In a November 2003 speech, McKay said: "There is a crisis at BCCC. ... The status quo is not working for the majority of our students."

The study notes that many students come to BCCC ill-prepared for academic requirements - almost 94 percent of the fall 2002 enrollees needed remedial courses.

"At no other community college in Maryland do nearly 100 percent of students arrive with remedial needs," the study said. "At BCCC, much of the remedial coursework entails starting from scratch - teaching students to read, write and compute for the first time."

The Board of Trustees, the report said, has not responded to the urgency of the situation.

Minutes of the 2002-2003 academic-year board meetings, show that the trustees did not have a single discussion on low rates of student success, even though Abell paid for a consultant to help institute change.

"Instead, board meetings focused largely on procedural issues such as approving the academic calendar and renewing employee contracts, or simply bringing the Board up to speed on issues the President and his staff deemed important," the report said.

The seven trustees are appointed by the governor. The president is James E. Harris Sr.

McKay and the trustees had a "complex" relationship, as the report described it, noting a December 2003 trustee decision to overturn some of McKay's personnel actions. In October 2003, nearly 60 faculty members sent a petition to the trustees, saying they were unhappy with McKay.

Many faculty members said that morale at the school is low and that there is confusion over authority.

"I don't know what's going to happen with the school," said Marilyn Corbeille, an English professor. "It's a shambles."

McKay said he has a good relationship with trustees and faculty. "I love being at the institution and working there," he said, adding that he plans on fulfilling his contract, which expires in July of next year.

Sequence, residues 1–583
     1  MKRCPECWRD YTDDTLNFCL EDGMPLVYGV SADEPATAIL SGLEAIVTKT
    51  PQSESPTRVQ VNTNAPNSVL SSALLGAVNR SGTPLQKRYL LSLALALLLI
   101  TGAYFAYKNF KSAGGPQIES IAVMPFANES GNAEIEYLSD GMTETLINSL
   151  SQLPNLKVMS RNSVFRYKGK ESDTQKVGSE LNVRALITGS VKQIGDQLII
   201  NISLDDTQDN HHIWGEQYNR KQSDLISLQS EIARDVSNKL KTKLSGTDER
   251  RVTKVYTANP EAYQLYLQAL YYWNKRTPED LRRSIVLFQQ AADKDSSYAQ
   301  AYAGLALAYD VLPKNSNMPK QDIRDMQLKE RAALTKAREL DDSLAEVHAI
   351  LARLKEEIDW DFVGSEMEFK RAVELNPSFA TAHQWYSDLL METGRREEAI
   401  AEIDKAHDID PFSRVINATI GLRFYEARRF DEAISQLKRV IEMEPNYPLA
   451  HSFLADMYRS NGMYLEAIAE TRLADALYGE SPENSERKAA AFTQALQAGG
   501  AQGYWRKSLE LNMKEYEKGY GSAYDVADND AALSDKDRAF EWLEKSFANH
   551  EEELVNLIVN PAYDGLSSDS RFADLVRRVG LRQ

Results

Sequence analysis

Efforts to boost achievement have been poorly monitored, according to the study. In the summer and fall last year, the school spent nearly $700,000 on software, course materials and faculty training from a company called Academic Systems. The school also offered more tutors to students to help them learn basic skills.

The software was supposed to help students learn basic math and English skills but it was introduced in a haphazard way that proved ineffective. "A marketing effort never got off the ground; an evaluation plan was never executed; and a program coordinator was never hired," the report said.

'Moving forward'

McKay disagrees, saying the program has been a success and will help boost graduation rates because it allows students to go over materials two or three times. "If the study looked at recent data, it would demonstrate the college did respond to the study two years ago and that we are moving forward," he said.

Some students weren't so sure. Karen Brown, who graduated last week and hopes to transfer to the Johns Hopkins University or American University soon, said the computer classes were "dumbed-down."

She said that the computer program was difficult to use, and students were unable to load the software onto their home computers. But the classes were so easy that it didn't matter, said Brown, 39, of Bolton Hill.

"If you took a lot those people who graduated and gave them a basic math or English exam, they wouldn't pass it," she said.

Sun staff writer Alec MacGillis contributed to this article.